Mirka moved to London from her native Slovakia, but she found the city somewhat oppressive so answered an ad to work within an English country estate. The novel begins with her arrive an indoctrination into this particular kind of English life. Like many grand old houses passed through generations of the aristocracy, this estate has run into financial trouble. The proprietor Sophie and her husband Richard have been working on a number of schemes to pay for the substantial costs of running the property. Mirka finds that she’s unknowingly being recruited to join Richard’s latest venture of running a taxidermy business called Nose to Tail. As Mirka grows accustomed to the peculiarly English life on this rural estate and the work, she finds she has a special talent for convincingly stuffing animals and develops a particular attachment to Sophie. Sophie and Richard are in many ways a friendly, modern-thinking couple, but they are also the products of a culture with particular customs and traditions. Straightforward Mirka finds it difficult to find where she really fits into this seductive country life. Her soul-searching dilemma prompts her to perpetually wonder “how would I know when a life was really mine? How did you know when you had found a home?”

Mirka skilfully depicts intricate scenes of English life in anthropomorphic models using small mammals.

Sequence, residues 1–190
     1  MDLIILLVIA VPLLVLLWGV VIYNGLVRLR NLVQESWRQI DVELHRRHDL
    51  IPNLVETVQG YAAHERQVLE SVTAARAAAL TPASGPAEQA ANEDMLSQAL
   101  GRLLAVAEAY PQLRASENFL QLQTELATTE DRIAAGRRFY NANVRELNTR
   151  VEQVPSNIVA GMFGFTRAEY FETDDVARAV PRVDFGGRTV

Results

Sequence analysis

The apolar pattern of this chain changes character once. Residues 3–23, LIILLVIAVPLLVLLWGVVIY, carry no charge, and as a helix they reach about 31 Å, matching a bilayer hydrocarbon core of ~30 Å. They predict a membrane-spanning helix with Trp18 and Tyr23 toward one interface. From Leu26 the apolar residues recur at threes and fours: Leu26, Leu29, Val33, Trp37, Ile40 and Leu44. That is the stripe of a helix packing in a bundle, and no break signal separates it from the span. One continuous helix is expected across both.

Mirka skilfully depicts intricate scenes of English life in anthropomorphic models using small mammals.

Troubled love triangles have been written about in many ways before, but I admire the honest and compassionate way Kaye depicts this particular situation. Since her first romantic affair Mirka has always been certain about her desire for other women, but it’s this very clear-sightedness and unwillingness to pretend to be anything different that led to her exile from her family and native country. Now she finds herself embroiled in a romantic conflict with someone who is already in a long-term committed relationship but also “wanted everything.” Sophie and Richard’s permissive attitudes make Mirka feel at times like she’s wholly a part of their family, but in some crucial ways to do with class, nationality and sexuality she remains a perpetual outsider. These feelings are certainly reinforced by some of the small-minded locals who either look down or show open contempt for Mirka as an immigrant. However, Kaye also shows more liberal English individuals who welcome and respect people based solely on their character. 

In some ways this novel reminded me of both the novels “The Paying Guests” by Sarah Waters and “Skin Lane” by Neil Bartlett, but Kaye's book is less sinister than either of these. Her writing is much more straightforward and at times scenes can become bogged down in a minute amount of trivial detail. But the plainness of her writing style is also part of this novel’s charm and accurately reflects Mirka’s character: English isn’t her first language and she is doggedly transparent in her feelings. The imagery which Kaye builds in her depiction of the taxidermy work and the way people in the countryside relate to the natural world does build a subtly moving picture of a particular kind of national character. The English people that Mirka meets are so steeped in their national identity with its attendant manners and attitudes that she is like a perpetual observer who must always remain on the other side of the glass. As long as she’s kept on the outside she must continue to search for a home of her own.

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AuthorEric Karl Anderson
CategoriesLaura Kaye